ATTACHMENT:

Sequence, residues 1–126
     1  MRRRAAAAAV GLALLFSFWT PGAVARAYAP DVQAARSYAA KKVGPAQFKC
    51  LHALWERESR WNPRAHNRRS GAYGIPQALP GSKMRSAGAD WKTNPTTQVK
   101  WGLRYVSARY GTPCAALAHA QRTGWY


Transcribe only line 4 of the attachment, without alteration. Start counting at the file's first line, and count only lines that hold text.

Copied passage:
   101  WGLRYVSARY GTPCAALAHA QRTGWY